What medical or emotional support would you like to be offered in the future to support you after your treatment ends?
I personally feel strong enough emotionally to want to help others and I have felt like that for some time. Being on a counselling training journey has helped fuel that desire. I personally do not feel that I require one to one counselling but there may be something in my desire to share my experience that is essentially about me seeking some “therapeutic closure” or ending of my journey. Family and friends might (I think for some) find help groups useful.
What would be your message to other men affected by male cancer? What would be your message to their partners?
For partners I would say try to be patient and understanding. That’s very difficult if you are not a guy. Not that women cannot be like that, it’s just that for a guy the thought of losing your manhood, or acquiring another, is an end of the world as we know it scenario. And remember that your partner will still love you and have loving feelings for you – that includes sexual arousal too! (that doesn’t go away because you have penile cancer – if anything I reckon it increases) – so don’t think that YOU need to call it a day sexually just because your man has some work in progress…..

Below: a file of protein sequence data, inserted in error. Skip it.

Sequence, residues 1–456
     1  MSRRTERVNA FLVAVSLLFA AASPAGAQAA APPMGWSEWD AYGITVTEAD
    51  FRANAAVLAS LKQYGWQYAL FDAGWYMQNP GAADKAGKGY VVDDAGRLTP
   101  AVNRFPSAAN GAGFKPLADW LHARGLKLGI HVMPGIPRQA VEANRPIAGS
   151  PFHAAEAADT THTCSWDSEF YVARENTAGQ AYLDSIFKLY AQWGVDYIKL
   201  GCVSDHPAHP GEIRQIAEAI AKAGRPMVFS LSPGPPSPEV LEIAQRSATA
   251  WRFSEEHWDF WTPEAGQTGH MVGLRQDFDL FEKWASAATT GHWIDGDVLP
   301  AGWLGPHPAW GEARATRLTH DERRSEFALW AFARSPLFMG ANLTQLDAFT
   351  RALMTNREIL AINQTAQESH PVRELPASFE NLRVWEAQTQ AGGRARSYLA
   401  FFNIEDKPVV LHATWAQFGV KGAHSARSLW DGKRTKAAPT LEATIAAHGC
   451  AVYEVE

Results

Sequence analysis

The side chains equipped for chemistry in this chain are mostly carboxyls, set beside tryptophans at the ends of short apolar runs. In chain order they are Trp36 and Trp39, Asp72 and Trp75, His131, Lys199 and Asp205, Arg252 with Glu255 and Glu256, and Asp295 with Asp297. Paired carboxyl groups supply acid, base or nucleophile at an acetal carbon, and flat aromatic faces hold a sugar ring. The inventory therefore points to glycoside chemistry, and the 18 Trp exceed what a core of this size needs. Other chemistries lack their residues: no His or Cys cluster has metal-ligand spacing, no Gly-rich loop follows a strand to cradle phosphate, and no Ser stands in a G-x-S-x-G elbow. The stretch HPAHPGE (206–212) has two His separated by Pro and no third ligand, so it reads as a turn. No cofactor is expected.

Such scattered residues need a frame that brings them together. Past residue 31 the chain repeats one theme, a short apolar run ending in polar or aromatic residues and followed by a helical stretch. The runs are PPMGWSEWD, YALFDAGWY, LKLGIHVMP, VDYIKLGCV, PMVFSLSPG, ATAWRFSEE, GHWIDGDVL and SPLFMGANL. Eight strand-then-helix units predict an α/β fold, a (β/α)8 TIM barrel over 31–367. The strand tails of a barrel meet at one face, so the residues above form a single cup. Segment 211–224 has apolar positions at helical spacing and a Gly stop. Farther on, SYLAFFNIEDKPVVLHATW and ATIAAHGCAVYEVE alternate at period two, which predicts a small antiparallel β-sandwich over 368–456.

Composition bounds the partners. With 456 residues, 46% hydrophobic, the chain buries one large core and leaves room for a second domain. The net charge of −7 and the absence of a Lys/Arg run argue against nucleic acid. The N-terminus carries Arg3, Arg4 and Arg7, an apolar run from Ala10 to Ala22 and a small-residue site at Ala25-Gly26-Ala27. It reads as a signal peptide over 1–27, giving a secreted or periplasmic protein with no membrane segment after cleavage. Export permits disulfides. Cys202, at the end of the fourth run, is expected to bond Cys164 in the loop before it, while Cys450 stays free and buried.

Any other comments
Writing this has brought back some memories for me of the difficulties which one faces in coming to terms with a cancer diagnosis and the reality of life. It has also reminded me of how relatively rare penile cancer is, yet that doesn’t mean that it should be paid less attention or be less deserving of support than say breast cancer. I have sat in hospital waiting rooms with all kinds of support leaflets for cancer conditions, but never saw any for penile cancer. I got most of my information from my Consultant because I was not afraid to ask him questions, and he was always happy to answer. I also used the internet for research but would say that you need to be careful and not get carried away with too much cyber information – particularly in the early days after the diagnosis.